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BLOG – Expecting The Unexpected After SCI

November 10, 2016

FacingDisability.com has nearly 2,000 videos of family members answering real-life questions about how they cope with a spinal cord injury.

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Photo courtesy of 180 Medical

One of the questions we routinely ask is “What has been the most unexpected change in your life?” The answers are surprising. One of the unexpected findings we discovered during the hundreds of interviews we videotaped over the years, was that the life changes caused by the injury could ultimately be quite positive. The achievements after their injuries were often greater than they might have been if they were never injured at all. Here’s a sample of some interesting answers:

 

Life Changes

screen-shot-2016-11-09-at-3-56-11-pmPatricio, injured at age 24 – “I was either going to jail (before injury) or six feet under.”

 

screen-shot-2016-11-09-at-3-56-26-pmMichelle, injured at age 21 – “I found a new career!”

 

Ginger, injured at age 44 “I was forced to examine my values and screen-shot-2016-11-09-at-3-55-26-pmpriorities.”

 

 

screen-shot-2016-11-09-at-3-56-45-pm Tony, injured at age 27 “I became a father.”

 

 

For parents – it can create another beginning

screen-shot-2016-11-09-at-3-58-17-pm Clarissa; son injured at age 19  – “I became interested in disabilities rights.”

 

Mary; daughter injured at age 22 “Now we have a new kind of normal that is just as comfortable as the old normal was…it took a long time to get there.” screen-shot-2016-11-09-at-3-58-01-pm

 

 

screen-shot-2016-11-09-at-3-58-09-pmCarol Ann; son injured at age 20 “him going to Harvard Business School; that’s been such an experience for the whole family.”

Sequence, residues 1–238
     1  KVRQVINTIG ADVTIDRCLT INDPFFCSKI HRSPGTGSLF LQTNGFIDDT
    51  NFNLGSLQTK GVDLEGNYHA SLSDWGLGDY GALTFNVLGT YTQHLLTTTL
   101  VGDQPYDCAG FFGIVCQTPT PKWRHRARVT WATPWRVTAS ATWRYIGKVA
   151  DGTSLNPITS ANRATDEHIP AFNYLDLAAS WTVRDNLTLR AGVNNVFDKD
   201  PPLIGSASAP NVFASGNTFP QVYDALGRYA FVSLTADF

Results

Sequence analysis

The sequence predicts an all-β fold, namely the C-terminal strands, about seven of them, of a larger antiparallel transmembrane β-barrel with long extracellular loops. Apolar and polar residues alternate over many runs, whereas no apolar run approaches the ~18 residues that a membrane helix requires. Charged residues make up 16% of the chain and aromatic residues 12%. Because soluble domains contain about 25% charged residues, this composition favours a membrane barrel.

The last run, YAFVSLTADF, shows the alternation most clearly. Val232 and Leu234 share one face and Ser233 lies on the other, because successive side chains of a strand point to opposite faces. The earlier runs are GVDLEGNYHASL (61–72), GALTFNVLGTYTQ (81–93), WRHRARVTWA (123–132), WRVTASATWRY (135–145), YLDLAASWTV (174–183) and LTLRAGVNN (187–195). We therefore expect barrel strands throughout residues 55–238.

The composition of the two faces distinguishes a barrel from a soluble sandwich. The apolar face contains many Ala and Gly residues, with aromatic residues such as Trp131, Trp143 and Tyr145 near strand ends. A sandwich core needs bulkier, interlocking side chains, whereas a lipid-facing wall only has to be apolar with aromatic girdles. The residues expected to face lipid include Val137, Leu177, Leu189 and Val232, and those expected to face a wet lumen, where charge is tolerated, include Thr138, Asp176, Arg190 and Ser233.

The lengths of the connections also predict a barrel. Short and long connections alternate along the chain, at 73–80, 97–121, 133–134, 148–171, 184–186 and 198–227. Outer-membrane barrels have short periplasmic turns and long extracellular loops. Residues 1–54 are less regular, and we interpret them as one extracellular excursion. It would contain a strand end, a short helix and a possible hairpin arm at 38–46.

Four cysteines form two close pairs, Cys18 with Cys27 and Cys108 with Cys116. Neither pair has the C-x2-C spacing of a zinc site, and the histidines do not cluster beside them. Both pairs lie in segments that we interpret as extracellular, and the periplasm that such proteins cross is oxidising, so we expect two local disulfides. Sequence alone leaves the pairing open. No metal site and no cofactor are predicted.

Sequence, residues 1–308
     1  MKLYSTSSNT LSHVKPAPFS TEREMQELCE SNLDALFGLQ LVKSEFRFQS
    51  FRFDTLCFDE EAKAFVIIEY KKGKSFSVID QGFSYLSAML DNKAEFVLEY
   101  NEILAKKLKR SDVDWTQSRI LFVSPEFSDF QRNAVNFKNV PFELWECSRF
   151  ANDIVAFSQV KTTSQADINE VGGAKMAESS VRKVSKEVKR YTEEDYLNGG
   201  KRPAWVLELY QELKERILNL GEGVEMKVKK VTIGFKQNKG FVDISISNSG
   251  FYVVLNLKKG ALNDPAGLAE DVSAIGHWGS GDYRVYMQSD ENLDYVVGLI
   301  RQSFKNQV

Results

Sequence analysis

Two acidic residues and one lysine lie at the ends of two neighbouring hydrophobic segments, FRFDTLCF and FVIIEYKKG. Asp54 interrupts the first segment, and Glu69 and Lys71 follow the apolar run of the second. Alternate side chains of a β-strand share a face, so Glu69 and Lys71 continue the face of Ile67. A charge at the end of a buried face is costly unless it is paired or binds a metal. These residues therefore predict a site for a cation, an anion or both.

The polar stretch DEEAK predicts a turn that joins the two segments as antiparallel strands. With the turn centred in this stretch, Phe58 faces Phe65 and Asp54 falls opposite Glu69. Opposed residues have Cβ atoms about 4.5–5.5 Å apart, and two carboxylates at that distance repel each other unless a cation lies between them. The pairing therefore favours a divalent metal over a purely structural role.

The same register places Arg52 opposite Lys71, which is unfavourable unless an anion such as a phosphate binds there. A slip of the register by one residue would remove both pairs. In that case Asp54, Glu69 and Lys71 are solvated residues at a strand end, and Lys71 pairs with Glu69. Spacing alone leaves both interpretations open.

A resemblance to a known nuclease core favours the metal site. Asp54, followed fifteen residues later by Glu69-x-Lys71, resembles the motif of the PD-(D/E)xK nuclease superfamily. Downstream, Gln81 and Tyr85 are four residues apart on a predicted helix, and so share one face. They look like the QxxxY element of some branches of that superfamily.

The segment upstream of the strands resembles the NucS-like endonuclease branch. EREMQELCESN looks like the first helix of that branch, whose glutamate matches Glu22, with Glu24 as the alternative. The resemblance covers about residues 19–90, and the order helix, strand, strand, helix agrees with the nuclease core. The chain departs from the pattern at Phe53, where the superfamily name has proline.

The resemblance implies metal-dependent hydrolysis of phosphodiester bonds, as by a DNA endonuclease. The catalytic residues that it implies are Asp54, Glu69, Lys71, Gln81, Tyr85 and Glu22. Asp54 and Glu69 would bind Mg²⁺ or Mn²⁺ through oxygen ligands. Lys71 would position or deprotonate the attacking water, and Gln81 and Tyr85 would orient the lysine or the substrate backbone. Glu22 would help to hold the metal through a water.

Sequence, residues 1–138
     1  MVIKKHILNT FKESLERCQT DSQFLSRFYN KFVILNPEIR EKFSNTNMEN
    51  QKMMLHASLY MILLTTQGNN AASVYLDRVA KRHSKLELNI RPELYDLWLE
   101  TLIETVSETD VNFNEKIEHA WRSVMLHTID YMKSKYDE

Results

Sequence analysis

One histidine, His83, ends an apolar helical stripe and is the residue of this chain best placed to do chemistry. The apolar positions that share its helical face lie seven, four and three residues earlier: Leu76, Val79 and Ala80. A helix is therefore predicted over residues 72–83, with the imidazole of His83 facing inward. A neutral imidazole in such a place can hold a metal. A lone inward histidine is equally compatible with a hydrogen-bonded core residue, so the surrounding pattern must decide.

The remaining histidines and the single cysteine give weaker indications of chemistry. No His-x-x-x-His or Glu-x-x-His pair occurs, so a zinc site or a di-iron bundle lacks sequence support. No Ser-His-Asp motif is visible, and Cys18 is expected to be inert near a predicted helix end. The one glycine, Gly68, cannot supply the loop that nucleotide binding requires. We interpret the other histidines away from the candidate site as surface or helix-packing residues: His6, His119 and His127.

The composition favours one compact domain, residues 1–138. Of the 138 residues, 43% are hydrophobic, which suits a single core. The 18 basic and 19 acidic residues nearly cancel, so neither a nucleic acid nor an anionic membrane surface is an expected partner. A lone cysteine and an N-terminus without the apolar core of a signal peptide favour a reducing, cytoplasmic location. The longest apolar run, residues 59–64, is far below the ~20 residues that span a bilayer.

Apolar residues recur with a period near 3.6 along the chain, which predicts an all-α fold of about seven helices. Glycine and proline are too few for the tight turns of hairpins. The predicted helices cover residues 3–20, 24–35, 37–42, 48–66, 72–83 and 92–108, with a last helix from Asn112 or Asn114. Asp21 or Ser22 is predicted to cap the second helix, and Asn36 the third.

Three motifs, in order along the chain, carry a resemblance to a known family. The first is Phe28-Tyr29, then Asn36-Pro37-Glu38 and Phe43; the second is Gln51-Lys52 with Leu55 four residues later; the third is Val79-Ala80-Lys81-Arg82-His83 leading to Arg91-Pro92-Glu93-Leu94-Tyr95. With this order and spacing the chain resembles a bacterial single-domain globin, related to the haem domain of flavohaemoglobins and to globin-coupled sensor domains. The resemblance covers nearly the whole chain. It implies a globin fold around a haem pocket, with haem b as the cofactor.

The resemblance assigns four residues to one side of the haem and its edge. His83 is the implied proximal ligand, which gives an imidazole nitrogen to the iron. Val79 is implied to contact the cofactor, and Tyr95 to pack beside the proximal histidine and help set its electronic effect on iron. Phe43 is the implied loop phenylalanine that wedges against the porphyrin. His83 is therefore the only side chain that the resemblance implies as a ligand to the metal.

For siblings – the injury can bring jealousy, anger and guilt — but not forever.

screen-shot-2016-11-09-at-4-00-39-pmJavier; sister injured at age 7 “Growing up, there was more attention coming to her. And when I was younger, I was kind of mad about it. But now…I mean, it happened, and obviously, she’s going to need more attention, more help, and my parents need my help.

 

screen-shot-2016-11-09-at-4-00-58-pmEunice; sister injured at age 7 “I was the oldest one, I was already 14 and I was about to turn 15. I didn’t understand the gravity of it all until several months passed.”

 

screen-shot-2016-11-09-at-4-01-04-pmJennifer; brother injured at age 23 “I felt many times that I wish I had done something that night that would have changed the course of his evening. It was the week before Christmas — maybe if I had just called to ask about what some of his holiday plans were, maybe it would have offset the night five minutes or so; that would have changed it.”

 

And for children with a parent facing a new or established injury…

screen-shot-2016-11-09-at-4-16-05-pmElizabeth; father became paraplegic before she was born “My dad being the way he is has given me a direction in my life because I’ve always participated in and been curious to learn about the wheelchair, to ask about the disability.”

 

screen-shot-2016-11-09-at-4-15-50-pmJennifer; mother injured when she was 14 “I understood it on one level, but it was also very frustrating, I sort of felt like I have all these questions, and I’m a teenager, and I don’t understand, I don’t understand why it’s not about me. It was hard.”

 

screen-shot-2016-11-09-at-4-15-58-pmSean; mother injured he was in his 20’s “I think a lot of the unknown…I’d never known anyone close, that had that sort of condition.”

Keeping an open mind and keeping up with therapies associated with spinal cord injury can make a huge difference in quality-of-life down the road. Many individuals are happy and living fulfilled lives with all levels of injury.

How has your life or the life of a loved-one changed as a result of paralysis? Feel free to leave your comments and insights.

 

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